It's a very clinical, very prog approach.
I guess so, yeah! I guess it would be very clinical, yeah! But, you know, we'll try it, and maybe it'll sound like shit, but on the other hand, it might be really, really odd and set up some odd rhythm and do something really spooky, which I'd be most interested in. There's just not enough serious music out there -- that's the problem!
Are there any young guitar players or new music you find exciting at the moment?
I'll tell you who I like very much who I saw in recent years a couple of times live and got to talk with him backstage once or twice. American guy, Joe Bonamassa. I really like his blues style, got great technique, but there's a great energy about his stuff, I think. And I find myself thinking this is a little bit like when I listen to Segovia; if I'm not sure what the nylon guitar should do, I'll watch this video I've got of Segovia, and straight away, about two or three minutes pass and I've got to pick up the guitar myself. And it's the same if I hear Joe and I think, "Ah yes, I can do some of that too." And it sort of renews your commitment to the medium.
Sometimes just a good overdrive sound will do it for me. Something sort of a sort of brassy overdrive, and I'll be really happy to do that. Guitars are still great instruments. But I love harmonica too. I was a harmonica player many years before I became a guitarist, so every now and again, that comes out of the shed, you know?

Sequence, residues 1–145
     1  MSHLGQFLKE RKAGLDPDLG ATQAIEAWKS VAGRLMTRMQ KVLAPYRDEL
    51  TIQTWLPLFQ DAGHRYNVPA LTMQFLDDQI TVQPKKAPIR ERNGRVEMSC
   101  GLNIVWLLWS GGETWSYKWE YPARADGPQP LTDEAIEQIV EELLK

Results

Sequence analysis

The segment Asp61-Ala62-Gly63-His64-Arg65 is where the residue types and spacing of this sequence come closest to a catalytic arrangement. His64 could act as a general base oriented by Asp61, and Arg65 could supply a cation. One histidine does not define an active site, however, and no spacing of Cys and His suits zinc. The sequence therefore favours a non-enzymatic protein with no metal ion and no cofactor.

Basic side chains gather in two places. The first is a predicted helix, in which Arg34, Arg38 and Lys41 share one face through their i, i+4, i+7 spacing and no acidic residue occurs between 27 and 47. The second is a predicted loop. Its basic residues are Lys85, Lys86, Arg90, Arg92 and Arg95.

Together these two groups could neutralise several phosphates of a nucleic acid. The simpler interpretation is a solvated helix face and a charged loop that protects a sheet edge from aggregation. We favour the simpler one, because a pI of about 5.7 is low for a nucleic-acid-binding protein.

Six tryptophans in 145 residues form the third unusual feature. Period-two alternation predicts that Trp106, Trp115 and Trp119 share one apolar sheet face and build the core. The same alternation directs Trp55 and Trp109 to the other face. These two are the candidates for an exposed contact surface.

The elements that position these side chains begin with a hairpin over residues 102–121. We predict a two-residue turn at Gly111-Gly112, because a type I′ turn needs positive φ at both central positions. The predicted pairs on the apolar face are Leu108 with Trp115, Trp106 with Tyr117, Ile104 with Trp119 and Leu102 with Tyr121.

I have read you say previously that it's not the kit but what you do with it, but are you using any new gear that you have found inspiring or motivating?
Well, yeah. I had been using Fernandez guitars in recent years for the sustainer quality, but also because it helps to bring out the upper harmonic, particularly on the second string -- if you hit it very lightly. That's been interesting. In terms of overdrive, I've been using mainly a Sansamp 150 and a Line 6 yellow box, and sometimes I combine the two so I'm getting a feed from both of them.
Also, I've got a pedal that was built for me by a guy in England. I wanted to get a treble booster from him, and this guy, Pete Cornish, who does custom-made things, did this one for me. Problem is, I don't have a replacement for it and he couldn't remember what he put in it. So he said "Send it to me," but I was unwilling to do that; I'm going to have to take it to him physically at one point and he'll open the thing up and find out what he put inside it. It's very good! It's a great treble booster, a real shredder of a thing! Some people have said they don't think it's actually a treble booster; it seems to do something else. It sounds like when you put this into line it suddenly sounds like you've brought another amplifier into the equation and it scrunches everything up and makes it more powerful, and it's a brilliant device. I absolutely love it!